by Dave Fuller
Current Record: 30-5, 1st (Atlantic), 1st (East)
Predicted Record: 67-15, 1st (Atlantic), 1st (East)
Predicted Playoff Outcome: Eastern Conference Championship loss to #2 Detroit Pistons in seven
The big question for this team heading into the season was chemistry. Would they be able to gel together immediately and dominate the East? Or would they take a while and experience growing pains while the rest of the league awaited their true arrival? Well, they've turned the doubts into The Truth and have shown the league that a team headed by three classy all-star veterans is one of the most potent combinations you can have on both sides of the ball. Throw in Doc Rivers' defensive influence and this is one team that is nearly impossible to beat. They should continue to cruise past the competition and seal the No. 1 seed in the Eastern Conference playoffs.
The only thing this team needs is a deeper bench. Yes, Glen Davis is beginning to play a little more consistently and Eddie House is a nice reserve as a bomber/scorer, but admittedly they have one of the weakest benches in the league. After starters Kevin Garnett and Kendrick Perkins (neither of which are true centers), the only relative "big man" doing anything is the aforementioned Glen "Big Baby" Davis. He is their only physical presence in the post for the second unit. Perkins can only play about 25 minutes a game, and Kevin Garnett won't be able to play 48 minutes a night in a seven game series in the playoffs.
Boston's next (or perhaps more important) problem is their point guard play. Rajon Rondo is beginning to develop consistency, but their deficiencies at the 1 truly stood out in their last game against the Washington Wizards. The C's put up 98.7 points a night, and the Wizards allow 96.9. The final score of that game? 85-78, Washington. Tony Allen was miserable starting at the point, and the other Celtics starters displayed how costly it can be to not have a true ball-handler bringing it up the court.
In summary, Boston is one of the top teams in the league solely because of strong offensive and defensive play by their triumvirate of Garnett, Allen, and Pierce, but without more depth at their weaker positions, they will not be able to handle the depth that is the Detroit Pistons in a seven game series. To address such problems, the Celtics must explore trades that allow them to acquire ball-handlers to come off the bench and rebounders to give them extra offensive possessions.
Potential trades (in order of relative likelihood):
Miami Heat :: PG Smush Parker
Boston Celtics :: PG/SG Tony Allen, C Scot Pollard
The C's would probably rather have Jason Williams from the Heat assuming he can stay healthy, but Williams is just owed too much money right now and Boston would not be able to rid of any expiring contracts that they could afford losing to make up for the payroll difference. That said, Smush is capable of handling backup duties while rarely used Scot Pollard and expendable combo guard Tony Allen are in the last years of their respective contracts (giving the Heat needed cap relief in the off-season).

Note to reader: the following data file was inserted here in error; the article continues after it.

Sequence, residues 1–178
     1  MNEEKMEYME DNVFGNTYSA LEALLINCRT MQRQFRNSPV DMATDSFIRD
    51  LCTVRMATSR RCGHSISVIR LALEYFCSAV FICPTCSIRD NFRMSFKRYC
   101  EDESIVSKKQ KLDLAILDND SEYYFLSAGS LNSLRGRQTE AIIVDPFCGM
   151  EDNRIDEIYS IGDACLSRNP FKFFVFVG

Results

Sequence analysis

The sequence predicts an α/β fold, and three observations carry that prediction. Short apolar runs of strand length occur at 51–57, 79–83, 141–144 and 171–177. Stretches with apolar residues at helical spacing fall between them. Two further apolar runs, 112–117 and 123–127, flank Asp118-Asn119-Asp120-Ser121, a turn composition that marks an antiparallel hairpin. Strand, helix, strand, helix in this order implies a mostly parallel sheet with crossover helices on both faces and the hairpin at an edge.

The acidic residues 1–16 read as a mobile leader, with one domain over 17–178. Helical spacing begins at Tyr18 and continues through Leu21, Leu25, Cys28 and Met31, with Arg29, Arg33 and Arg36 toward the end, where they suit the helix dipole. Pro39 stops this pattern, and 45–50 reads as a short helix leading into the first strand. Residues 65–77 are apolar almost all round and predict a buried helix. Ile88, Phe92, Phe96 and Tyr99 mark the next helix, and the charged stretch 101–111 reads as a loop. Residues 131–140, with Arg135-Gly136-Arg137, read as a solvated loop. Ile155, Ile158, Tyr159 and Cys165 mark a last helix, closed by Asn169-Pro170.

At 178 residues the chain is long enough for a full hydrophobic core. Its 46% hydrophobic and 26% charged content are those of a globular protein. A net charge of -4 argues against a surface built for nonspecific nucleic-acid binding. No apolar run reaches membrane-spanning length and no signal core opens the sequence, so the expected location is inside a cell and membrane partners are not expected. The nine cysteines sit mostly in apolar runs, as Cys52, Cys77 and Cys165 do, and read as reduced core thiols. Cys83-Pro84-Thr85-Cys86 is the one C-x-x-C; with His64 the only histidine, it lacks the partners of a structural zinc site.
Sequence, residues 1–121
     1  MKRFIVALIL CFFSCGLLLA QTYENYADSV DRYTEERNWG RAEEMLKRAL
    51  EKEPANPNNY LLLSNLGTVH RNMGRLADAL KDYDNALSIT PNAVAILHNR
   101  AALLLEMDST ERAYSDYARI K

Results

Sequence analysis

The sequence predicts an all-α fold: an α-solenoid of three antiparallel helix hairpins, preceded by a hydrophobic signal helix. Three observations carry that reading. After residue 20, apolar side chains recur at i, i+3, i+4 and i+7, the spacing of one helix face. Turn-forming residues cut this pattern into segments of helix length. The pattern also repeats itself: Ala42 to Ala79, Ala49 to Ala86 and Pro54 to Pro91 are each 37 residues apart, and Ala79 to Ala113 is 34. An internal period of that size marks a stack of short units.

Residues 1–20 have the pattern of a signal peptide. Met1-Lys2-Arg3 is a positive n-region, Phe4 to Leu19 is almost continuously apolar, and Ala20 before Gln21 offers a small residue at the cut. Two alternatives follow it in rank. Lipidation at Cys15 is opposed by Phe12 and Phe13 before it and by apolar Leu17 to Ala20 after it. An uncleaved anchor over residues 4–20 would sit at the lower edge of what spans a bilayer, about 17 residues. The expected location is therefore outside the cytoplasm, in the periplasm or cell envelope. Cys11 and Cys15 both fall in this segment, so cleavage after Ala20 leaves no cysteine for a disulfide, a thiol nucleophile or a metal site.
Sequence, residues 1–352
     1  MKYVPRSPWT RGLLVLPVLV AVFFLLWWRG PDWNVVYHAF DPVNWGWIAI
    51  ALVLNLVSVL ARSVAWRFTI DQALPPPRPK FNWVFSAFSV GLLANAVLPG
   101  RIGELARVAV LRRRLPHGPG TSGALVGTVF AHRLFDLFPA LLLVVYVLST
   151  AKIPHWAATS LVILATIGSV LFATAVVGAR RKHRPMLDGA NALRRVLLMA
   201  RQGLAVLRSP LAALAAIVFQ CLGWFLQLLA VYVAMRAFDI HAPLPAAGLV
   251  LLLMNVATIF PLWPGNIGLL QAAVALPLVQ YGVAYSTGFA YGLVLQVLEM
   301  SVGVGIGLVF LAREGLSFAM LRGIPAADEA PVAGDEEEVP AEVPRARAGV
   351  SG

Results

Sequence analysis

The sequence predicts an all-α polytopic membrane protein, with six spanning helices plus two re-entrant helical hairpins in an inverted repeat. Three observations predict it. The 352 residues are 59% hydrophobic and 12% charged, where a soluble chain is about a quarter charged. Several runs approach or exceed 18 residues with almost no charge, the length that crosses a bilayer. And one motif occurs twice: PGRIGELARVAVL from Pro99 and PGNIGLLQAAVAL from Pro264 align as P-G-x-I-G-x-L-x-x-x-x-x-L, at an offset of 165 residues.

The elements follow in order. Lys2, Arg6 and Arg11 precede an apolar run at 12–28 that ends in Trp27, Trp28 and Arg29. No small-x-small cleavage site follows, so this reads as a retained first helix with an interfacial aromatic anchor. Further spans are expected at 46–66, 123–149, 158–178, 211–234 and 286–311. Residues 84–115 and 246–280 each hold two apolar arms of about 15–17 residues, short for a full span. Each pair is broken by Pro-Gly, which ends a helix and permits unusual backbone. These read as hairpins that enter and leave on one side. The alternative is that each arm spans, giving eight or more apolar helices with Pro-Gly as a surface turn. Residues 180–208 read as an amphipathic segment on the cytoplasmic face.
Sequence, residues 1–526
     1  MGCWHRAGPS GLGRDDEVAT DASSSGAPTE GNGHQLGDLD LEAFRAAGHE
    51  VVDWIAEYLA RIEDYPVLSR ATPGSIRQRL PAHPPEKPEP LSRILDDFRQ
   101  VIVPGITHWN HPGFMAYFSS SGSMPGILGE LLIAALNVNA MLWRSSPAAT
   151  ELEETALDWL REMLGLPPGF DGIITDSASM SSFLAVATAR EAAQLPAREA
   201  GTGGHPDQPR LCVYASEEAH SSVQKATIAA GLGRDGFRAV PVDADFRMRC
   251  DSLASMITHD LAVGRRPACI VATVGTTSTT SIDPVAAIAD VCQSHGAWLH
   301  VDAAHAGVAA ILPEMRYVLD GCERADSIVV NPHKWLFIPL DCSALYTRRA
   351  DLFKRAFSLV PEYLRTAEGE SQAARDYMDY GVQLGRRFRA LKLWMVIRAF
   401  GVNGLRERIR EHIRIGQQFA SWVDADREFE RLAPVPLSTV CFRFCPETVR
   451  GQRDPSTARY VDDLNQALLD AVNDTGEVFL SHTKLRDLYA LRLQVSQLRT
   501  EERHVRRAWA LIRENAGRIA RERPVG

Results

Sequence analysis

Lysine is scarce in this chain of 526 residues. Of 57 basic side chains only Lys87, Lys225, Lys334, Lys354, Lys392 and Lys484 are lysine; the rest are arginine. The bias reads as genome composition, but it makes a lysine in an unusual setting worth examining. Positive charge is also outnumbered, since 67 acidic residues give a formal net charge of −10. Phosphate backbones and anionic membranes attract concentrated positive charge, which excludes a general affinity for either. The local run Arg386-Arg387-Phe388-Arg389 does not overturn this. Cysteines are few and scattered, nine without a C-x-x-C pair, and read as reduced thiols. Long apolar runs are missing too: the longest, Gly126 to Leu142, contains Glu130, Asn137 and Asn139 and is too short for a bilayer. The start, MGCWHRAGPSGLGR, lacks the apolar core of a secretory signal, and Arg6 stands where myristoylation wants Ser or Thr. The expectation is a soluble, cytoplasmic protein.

Indiana Pacers :: C David Harrison
Boston Celtics :: PG/SG Tony Allen
This could happen, but is very unlikely to. Both teams get an expiring contract, which is always incentive to make a deal, but a one-for-one trade probably would not happen if it means the C's lose a guard and don't get one back. Harrison can rebound for the second team and spell Perkins while allowing Davis to play at a more natural position (likely power forward), so it is a legitimate trade. They would just need a separate trade to get them a ball-handling guard to make it work.
Either Damon Stoudamire or Sam Cassell would make nice additions as back-up point guards with playoff experience (something the Celtics also need if they want to represent the Eastern Conference in the NBA Championship), but with their massive contracts, neither of them are too enticing for the Celtics. Boston would basically need to give up Scot Pollard, James Posey, and Tony Allen to acquire Cassell. A bit too much if you ask me. And Stoudamire? Those two years on the contract are very repellant. The C's are best served to acquire Parker's relatively small (and expiring) contract to shore up their back-up issues at the point, but serviceable big men are difficult to find and Harrison may be one of the only ones available for trade. Samuel Dalembert could be another option, but his contract is just plain massive. Don't be surprised if Boston's roster stays put past the deadline.